Denise Bostdorff is receiving rave reviews of her book about Harry Truman.
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BOWLING GREEN - A Wood County native and graduate of Bowling Green State University and Otsego High School has won a prestigious award for a book she wrote about a famous speech delivered by President Harry Truman.
Denise Bostdorff, professor of communication studies at the College of Wooster, is the recipient of the Bruce E. Gronbeck Political Communication Research Award for Proclaiming the Truman Doctrine: The Cold War Call to Arms, published by Texas A&M University Press.
The book - a study of the Truman Doctrine speech, which the then-president delivered to a joint session of Congress in March of 1947 - was described by Truman biographer Robert H. Ferrell as "the first full-length rhetorical analysis of the most important document produced by the Truman Administration. … And she has done it in the proper way. … This is the book on the subject."
Another reviewer, Mary E. Stuckey, wrote: "Bostdorff provides a well-written, thorough, and thoughtful analysis of the Truman Doctrine speech. She locates the speech in both its historical and institutional contexts, arguing forcefully for the pivotal role rhetoric plays in our public affairs. … "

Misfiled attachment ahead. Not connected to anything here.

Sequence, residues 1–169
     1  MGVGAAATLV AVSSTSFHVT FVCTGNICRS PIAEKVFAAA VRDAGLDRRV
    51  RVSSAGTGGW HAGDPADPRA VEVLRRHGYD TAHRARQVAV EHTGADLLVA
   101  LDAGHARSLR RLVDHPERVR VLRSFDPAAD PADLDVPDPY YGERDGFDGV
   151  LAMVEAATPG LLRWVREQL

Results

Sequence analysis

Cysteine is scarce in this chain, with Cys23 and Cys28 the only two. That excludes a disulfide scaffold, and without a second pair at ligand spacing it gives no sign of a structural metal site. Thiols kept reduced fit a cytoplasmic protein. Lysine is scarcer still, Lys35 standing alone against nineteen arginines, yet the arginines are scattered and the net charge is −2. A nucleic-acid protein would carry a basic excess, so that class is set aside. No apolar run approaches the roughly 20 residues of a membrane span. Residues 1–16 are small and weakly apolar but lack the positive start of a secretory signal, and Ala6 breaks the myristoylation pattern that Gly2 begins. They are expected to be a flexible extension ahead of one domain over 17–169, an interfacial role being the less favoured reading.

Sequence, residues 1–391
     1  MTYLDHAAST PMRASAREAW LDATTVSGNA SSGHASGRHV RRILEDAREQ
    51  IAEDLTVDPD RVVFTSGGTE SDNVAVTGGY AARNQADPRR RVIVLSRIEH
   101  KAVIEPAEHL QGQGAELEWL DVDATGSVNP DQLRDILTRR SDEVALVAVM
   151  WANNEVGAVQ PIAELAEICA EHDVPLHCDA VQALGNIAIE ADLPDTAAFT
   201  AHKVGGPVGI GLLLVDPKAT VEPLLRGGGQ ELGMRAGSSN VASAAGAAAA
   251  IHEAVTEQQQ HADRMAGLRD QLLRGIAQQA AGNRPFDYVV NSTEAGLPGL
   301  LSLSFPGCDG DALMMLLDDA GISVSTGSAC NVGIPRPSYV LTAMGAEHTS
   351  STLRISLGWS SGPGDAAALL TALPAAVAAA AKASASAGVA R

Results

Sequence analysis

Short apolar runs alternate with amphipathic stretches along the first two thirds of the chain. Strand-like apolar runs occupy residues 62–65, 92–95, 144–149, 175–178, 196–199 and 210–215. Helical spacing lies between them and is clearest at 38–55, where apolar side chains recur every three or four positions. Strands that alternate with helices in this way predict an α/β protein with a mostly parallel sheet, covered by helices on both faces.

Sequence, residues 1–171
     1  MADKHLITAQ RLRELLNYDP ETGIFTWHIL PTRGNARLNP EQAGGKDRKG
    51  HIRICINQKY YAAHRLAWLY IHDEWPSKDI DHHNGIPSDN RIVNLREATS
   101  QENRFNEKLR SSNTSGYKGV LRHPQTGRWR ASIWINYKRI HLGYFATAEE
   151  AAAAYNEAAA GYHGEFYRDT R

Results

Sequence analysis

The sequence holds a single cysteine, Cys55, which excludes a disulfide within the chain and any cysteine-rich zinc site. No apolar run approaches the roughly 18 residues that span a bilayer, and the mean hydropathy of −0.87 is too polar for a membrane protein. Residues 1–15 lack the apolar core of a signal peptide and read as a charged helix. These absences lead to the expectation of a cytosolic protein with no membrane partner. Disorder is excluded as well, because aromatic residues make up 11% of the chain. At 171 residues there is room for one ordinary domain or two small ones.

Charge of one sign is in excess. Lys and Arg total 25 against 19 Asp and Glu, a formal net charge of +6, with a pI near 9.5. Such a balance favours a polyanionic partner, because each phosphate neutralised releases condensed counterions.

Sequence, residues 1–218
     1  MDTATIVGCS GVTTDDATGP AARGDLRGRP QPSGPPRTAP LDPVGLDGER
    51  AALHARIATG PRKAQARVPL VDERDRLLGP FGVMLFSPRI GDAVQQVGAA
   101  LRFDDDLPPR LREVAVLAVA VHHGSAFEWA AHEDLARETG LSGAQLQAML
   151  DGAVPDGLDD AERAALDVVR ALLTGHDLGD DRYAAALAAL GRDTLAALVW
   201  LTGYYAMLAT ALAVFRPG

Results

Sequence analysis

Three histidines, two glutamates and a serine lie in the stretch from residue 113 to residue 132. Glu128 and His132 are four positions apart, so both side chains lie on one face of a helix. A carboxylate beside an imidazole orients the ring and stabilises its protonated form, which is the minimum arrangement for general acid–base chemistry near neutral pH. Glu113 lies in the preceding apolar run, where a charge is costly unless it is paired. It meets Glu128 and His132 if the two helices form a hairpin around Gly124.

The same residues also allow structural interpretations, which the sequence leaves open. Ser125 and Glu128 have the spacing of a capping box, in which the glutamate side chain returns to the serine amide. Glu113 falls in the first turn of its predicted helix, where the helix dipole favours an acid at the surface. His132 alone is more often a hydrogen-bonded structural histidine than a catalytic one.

In the speech, Mr. Truman made the case for giving financial support to Greece and Turkey, whose governments were at risk of falling to subversion instigated by the Soviet Union.
Congress appropriated $400 million to fund a successful effort to keep the two countries from going Communist.
"I believe that it must be the policy of the United States to support free peoples who are resisting attempted subjugation by armed minorities or by outside pressures," President Truman said, outlining a policy that would become known as the Truman Doctrine.
Ms. Bostdorff said the speech set the framework for the Cold War that was to follow. "This was the first indication publicly of where we were headed," she explained.
The Cold War and Soviet Union are only vague subjects to most of her young students, she said, but the study of political rhetoric must necessarily involve absorbing a lot of historical context.
For part of her research, Ms. Bostdorff spent almost two weeks in the Harry S. Truman Library in Independence, Mo., over the course of four summers. She saw early drafts of the speech and took note of the changes that were made. She also interviewed former Truman aide George Elsey.
Ms. Bostdorff said she returns to the Bowling Green area regularly. Her parents live on a farm between Haskins and Bowling Green.
After graduating from BGSU in 1982, she received a master's degree from the University of Illinois and a PhD from Purdue University.